The researches on DDT began in the fall of 1942. It was soon apparent that an insecticide of wide range and multiple usages had been discovered. Tests at the Orlando laboratory demonstrated its effectiveness against lice when dusted into clothing. Its role in mass delousing was conclusively proved in the Naples typhus epidemic. Clothing thus dusted was shown to be lousicidal for periods of a month or longer provided it was not laundered. So effective was the method for mass delousing that Quartermaster Corps fumigation and bath companies were reequipped with hand and power dusters for use with American troops if necessary, but pointed primarily at the prevention of typhus fever by delousing prisoners of war, refugees, displaced persons, and populations of liberated or occupied territories.72

Efforts were made to impregnate clothing with DDT. It was found that the impregnation of underwear was sufficient. A practical field test was attempted in December 1943 when DDT-impregnated underwear was forwarded to the North African theater where it was issued to selected companies of French Goums. The test could not be followed to its ultimate conclusion because of movement of personnel and loss in supply channels of some of the underwear, but it was noted that the troops observed were still free from lice at the onset of warm weather. It was concluded that the DDT-impregnated underwear had been responsible for drastically reducing the louse infestation of persons who normally are constantly infested with lice.73

Experimental work continued under the auspices of the Preventive Medicine Service, Office of The Surgeon General. It was announced on 31 May 1944 that impregnation of underwear was a practical procedure and that an emulsion had been found which retained its effectiveness against lice after the clothing had been laundered 8 times over a period of 2 months.74  The DDT emulsion concentrate for impregnation consisted of DDT, 25 percent; Triton X-100, 10 percent; and Xylene, 65 percent.75  By dilution with water, any strength of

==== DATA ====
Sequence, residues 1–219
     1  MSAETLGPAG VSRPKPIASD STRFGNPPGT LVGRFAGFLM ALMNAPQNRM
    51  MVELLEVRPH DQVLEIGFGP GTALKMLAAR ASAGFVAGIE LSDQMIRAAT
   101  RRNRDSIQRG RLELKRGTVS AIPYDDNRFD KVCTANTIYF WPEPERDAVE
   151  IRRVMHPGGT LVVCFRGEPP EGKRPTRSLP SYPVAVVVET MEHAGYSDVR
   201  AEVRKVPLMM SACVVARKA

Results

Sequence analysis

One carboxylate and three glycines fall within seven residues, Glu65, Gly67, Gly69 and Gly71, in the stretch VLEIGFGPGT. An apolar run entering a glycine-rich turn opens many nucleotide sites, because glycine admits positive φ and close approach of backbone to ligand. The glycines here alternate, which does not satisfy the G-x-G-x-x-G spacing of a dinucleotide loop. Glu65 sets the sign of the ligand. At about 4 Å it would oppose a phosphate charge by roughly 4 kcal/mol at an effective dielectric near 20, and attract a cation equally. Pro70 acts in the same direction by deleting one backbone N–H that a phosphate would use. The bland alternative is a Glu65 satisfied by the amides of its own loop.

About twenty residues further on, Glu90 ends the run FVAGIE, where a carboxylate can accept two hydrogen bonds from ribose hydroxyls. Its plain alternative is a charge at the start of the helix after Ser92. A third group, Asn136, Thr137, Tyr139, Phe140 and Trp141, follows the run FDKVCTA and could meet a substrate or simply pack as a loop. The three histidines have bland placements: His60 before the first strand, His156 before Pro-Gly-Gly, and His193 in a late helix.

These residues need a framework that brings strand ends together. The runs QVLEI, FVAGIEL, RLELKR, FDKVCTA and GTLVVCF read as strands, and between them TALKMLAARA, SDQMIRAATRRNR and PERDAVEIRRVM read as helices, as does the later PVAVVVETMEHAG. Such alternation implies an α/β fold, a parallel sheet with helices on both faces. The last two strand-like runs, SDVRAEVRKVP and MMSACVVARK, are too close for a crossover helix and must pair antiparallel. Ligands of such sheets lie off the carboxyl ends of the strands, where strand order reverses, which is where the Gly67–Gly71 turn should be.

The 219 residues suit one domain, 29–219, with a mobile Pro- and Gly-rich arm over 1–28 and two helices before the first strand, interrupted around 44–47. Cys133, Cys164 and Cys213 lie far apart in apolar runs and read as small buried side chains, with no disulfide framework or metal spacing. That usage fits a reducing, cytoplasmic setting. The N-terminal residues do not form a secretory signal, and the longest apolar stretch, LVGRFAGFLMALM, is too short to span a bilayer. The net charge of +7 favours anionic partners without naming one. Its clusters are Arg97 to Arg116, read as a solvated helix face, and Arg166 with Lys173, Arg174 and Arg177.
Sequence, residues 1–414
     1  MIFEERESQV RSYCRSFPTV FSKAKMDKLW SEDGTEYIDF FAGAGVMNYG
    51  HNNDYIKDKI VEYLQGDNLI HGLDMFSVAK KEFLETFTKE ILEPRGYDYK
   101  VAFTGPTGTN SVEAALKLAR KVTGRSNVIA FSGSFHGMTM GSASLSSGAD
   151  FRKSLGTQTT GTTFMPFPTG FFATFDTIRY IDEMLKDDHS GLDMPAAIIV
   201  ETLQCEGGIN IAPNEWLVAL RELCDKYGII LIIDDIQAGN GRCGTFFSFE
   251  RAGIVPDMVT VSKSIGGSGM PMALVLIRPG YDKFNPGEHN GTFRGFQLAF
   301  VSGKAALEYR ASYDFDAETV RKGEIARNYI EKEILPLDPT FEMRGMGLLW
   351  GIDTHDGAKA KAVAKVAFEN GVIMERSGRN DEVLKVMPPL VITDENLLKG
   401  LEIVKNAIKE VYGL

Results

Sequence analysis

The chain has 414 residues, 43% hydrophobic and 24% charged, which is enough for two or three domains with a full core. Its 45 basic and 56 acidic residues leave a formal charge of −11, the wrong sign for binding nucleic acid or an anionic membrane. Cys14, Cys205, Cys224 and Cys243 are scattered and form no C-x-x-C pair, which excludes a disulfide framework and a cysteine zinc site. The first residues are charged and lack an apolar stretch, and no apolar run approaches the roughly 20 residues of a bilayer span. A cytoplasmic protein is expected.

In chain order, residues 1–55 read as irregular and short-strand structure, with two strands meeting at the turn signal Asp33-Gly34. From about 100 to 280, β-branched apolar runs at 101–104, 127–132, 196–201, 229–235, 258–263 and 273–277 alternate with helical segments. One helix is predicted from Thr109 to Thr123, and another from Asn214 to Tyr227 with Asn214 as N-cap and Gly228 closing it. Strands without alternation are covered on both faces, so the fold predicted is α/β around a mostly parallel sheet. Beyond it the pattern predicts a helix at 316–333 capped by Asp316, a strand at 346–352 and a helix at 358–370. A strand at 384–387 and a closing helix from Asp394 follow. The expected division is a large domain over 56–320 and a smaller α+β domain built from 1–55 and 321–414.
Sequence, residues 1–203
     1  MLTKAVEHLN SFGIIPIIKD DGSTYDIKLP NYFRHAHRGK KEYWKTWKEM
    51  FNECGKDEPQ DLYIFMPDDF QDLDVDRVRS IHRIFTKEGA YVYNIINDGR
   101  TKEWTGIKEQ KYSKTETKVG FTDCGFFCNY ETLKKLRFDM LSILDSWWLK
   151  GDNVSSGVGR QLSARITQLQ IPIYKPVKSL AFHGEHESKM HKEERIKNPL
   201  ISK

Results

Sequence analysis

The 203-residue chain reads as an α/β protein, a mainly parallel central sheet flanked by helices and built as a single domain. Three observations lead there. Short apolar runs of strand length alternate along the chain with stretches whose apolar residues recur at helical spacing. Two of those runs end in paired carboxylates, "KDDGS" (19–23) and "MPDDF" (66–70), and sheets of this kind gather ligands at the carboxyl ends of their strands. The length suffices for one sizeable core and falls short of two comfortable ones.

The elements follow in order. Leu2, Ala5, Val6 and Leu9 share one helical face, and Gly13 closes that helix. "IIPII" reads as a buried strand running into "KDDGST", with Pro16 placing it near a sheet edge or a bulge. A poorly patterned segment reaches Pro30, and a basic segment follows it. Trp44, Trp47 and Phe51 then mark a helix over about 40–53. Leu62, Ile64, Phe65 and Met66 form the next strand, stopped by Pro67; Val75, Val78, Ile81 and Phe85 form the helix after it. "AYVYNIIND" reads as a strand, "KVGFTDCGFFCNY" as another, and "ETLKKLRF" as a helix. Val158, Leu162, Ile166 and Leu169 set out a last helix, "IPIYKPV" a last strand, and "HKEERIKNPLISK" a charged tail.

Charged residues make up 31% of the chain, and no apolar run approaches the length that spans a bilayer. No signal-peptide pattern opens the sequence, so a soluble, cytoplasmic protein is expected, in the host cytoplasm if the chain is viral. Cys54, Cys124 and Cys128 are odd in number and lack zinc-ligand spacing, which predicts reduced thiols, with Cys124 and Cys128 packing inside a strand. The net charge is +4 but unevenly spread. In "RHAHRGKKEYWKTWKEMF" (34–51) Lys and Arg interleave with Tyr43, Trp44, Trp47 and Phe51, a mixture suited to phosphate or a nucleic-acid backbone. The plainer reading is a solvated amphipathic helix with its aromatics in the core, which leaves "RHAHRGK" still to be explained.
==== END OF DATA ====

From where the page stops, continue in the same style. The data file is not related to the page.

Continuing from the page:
71Knipling, E. F.: Insect control investigation of the Orlando, Fla., laboratory during World War II.  In Annual Report of the Smithsonian Institute, Washington, Government Printing Office, 1948, pp. 331-348.
72ETMD, ETO, Jun 1944.  HD: 350.05.
73Ltr, Surg NATO to SG, 1 Jul 44, sub: Testing of DDT impregnated underwear. SG: 421 Boots.
74Speech by Lt Col A. L. Ahnfeldt, SGO, at press luncheon, Hotel Pennsylvania, New York, under auspices of Geigy Company, Inc., 31 May 44.  HD: 700.7.
75Semimonthly Rpt, Sanitation and Hygiene Div SGO, 16-30 Sep 44.  HD.


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DDT desired could be prepared. In practice, 1 part of concentrate to 11 parts of water was found desirable and gave a DDT-dosage of slightly over 2 percent of the dry weight of the garment. Underwear impregnated with this material was worn in field tests and found to retain its lousicidal effect for periods of 1 to 4 months without toxic effects or skin irritation. There was some danger to personnel handling fuel or lubricating oils while wearing clothing impregnated with DDT. The practical hazard was incurred when oil which was spilled on the clothing would dissolve the DDT and might be absorbed through the skin.76   The critical supply situation for Triton X-100 necessitated the use of other emulsifiers. Span 20 and Tween 20 proved to be the equal of Triton in fresh water, and better as an emulsifying agent in salt water.

Appropriate clothing acted as a barrier against the cercariae causing schistosomiasis. The summary of a report of the 5th Malaria Survey Detachment and Medical Research Unit is representative of the experimental work done.77